Rye 2009

What could be better than heading off down to the warmer climes of the south of England, and taking time to stop off at the Great British Beer Festival on the way?

We broke up the journey with an overnight stay in London to pay our first visit to the Earl’s Court beer festival. The arena was a swarming mass of humanity in various states of inebriation, all in good spirits having sampled many of the hundreds of beers on offer. For the hungry there was practically everything imaginable on offer from good old fish & chips to crocodile steaks and kangaroo burgers (we’d stupidly already eaten before we got there). We arrived a bit too late to get the most out of it as we didn’t realise how big the event was, but resolved to make a full day of it in the future!


A maze of old cobbled streets, Rye is one of the ‘Cinque Ports’ made into a mediaeval fortress to protect England’s south coast from attack, and is surrounded by old fortifications and castle ruins. Now a peaceful haven for tourists like us, we spent a week there in August 2009, bathed in glorious sunshine after the rains had cleared.

We rented a small cottage on Trader’s Row, a stunning location only let down by the long and tiring walk from where our car was garaged. From there we set off to explore the area.

Highlights: Spending our first day at the Riverside Festival, a small gathering but a really enjoyable afternoon strolling along the river and enjoying the sights and sounds of people messing about in boats. A lovely meal at a Thai restaurant where we discovered such an unusual thing as a Thai wine. Drinking Fuller’s ESB at the Ypres (know locally as Wipers) Castle Inn and catching a good live band there towards the end of the week.


Hastings, a small town a bit like Blackpool but without the lights. We went there with images of a quaint fishing town in our heads and left with images of litter strewn and grubby streets thronging with extras from the cast of Shameless. If you’re ever on the south coast give it a wide berth.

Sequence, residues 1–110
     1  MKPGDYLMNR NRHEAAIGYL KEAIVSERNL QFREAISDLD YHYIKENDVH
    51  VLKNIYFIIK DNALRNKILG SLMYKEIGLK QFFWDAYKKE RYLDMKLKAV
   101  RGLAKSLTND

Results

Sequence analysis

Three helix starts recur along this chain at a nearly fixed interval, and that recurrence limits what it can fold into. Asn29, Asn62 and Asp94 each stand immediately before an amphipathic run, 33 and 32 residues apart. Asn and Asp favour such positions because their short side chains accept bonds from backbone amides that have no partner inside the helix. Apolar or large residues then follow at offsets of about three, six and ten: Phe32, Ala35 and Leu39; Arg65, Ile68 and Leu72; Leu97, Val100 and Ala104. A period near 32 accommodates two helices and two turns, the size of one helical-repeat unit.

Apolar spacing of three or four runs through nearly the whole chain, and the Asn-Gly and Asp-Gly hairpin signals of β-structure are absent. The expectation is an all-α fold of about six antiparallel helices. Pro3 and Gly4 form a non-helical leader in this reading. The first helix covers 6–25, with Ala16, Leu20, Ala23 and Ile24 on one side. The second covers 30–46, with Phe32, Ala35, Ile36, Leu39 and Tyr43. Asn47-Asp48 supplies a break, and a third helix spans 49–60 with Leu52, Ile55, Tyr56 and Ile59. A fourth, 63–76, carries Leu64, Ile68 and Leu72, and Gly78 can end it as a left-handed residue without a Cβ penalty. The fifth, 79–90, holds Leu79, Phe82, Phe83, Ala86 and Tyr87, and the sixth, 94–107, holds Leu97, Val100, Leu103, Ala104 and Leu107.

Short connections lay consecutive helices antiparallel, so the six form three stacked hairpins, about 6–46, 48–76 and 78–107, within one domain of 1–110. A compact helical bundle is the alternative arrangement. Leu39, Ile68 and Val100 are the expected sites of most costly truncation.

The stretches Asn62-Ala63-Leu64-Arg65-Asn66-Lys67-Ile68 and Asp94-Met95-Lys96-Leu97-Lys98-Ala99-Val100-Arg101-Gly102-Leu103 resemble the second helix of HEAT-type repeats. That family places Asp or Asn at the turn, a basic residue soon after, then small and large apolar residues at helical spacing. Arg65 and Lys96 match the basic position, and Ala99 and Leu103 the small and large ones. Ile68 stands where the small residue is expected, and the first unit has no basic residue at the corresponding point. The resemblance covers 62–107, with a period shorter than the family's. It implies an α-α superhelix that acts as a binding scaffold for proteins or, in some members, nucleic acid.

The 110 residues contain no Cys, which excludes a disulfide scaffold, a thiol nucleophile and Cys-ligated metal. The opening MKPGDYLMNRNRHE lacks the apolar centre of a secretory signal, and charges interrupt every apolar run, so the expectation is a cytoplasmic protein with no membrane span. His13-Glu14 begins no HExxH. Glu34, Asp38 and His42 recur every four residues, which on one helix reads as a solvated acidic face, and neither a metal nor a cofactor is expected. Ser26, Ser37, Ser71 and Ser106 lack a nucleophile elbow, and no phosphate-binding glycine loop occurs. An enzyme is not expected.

Bodiam Castle was a day well spent, beautiful surroundings on an idyllic day. We reached this by travelling on the Kent & East Sussex light railway, a nightmare journey in stifling conditions. We were cooped up in an enclosed carriage for what seemed an eternity, with a deranged child whose parents were oblivious to his incessant chattering and annoyingly repetitive singing. Never was a destination more gratefully reached.

Merriments Gardens were stunning; a fairly small and recent development at Hurst Green but well worth a visit, putting many of the so called ‘grand design’ gardens at stately homes to shame.

Battle, now I’m willing to bet that not many people (including me) knew that the town of Battle is actually so called because it grew up around Battle Abbey, which is the site of the Battle of Hastings. It’s actually quite some distance from Hastings itself (see, even the ancients knew to avoid the place). In 1070 Pope Alexander II ordered the Normans to do penance for killing so many people during their conquest of England, so William the Conqueror built an abbey where the famous battle had taken place. We did an audio tour of the battle field, and although there isn’t much to see it’s still a fascinating and atmospheric place.

We found a fab little bistro near to the abbey which specialised in food cooked with our favourite Belgian ales; just a shame we had to drive there!

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